I guess the darn pacemaker only works to speed me up, not slow me down. Apparently, I had a new medical condition that had nothing to do with being nervous.

The next day in Cuttyhunk Harbor, safely on a mooring, Maggie and I saw the anemometer spike at 40 knots. It was too rough to take the Zodiac into the island, so we had plenty of time to discuss our plans. We baked muffins and made another pot of coffee as we discussed our options. Should we continue south to a pharmacy in Rhode Island or head back toward home? It was a hard decision to make, but we made the right one for the situation. We’d head back the way we came; and Onset, at the west end of the canal, was our new destination. Starting a new medication while heading offshore wasn’t something that either of us felt good about. After the decision was made, the wind died down, the sun came out, and we spent a glorious afternoon walking around Cuttyhunk.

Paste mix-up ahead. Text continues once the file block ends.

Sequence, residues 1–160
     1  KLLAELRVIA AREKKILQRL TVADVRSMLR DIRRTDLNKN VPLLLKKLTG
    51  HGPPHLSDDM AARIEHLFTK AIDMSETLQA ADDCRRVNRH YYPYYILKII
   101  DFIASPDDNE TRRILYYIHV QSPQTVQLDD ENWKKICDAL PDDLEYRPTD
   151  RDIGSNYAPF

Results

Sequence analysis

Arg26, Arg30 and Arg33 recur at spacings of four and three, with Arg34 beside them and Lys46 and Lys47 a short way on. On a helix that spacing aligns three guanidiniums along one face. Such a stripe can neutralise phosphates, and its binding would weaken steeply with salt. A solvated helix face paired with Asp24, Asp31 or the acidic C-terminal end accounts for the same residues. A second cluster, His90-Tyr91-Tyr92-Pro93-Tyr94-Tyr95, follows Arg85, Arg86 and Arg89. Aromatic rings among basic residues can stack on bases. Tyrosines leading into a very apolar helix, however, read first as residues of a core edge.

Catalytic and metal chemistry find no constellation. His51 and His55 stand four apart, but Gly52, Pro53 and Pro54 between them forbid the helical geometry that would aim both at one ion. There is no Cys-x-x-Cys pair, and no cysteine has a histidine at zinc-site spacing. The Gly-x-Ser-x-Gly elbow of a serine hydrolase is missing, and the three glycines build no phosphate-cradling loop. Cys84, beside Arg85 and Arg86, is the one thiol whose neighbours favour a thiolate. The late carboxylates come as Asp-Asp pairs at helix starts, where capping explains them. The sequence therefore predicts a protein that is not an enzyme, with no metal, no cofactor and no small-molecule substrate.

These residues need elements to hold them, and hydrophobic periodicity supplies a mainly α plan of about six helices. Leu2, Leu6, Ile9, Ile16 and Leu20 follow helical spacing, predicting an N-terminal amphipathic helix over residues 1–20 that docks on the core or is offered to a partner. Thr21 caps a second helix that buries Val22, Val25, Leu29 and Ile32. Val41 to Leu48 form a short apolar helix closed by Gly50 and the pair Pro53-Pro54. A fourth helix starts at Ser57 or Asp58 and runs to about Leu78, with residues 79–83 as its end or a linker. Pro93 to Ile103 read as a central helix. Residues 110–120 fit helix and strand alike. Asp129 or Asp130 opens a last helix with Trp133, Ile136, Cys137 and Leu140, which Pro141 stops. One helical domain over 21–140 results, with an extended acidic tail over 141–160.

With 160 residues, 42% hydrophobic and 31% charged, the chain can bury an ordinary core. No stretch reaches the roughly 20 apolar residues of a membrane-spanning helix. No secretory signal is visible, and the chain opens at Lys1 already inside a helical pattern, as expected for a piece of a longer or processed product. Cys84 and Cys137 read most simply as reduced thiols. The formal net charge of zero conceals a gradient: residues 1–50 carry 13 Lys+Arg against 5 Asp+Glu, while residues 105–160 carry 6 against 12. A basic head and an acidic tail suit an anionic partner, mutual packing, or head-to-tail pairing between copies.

The next morning, 10 days after we’d left home, we headed back up the coast. Almost as if it was planned, the wind again cooperated with the tide. It blew 15 to 20 knots from the northwest as the tide was flooding, carrying us toward home. Hmm, maybe there was another someone watching over me.

Tracy Adams grew up cruising with her grandparents out of Vinalhaven Island, Maine. Teaching sailing during high-school summers, she realized that sailing would always be a major part of her life. Tracy lives, works and sails in midcoast Maine, and spends summers cruising on her 35-foot Ericson sloop.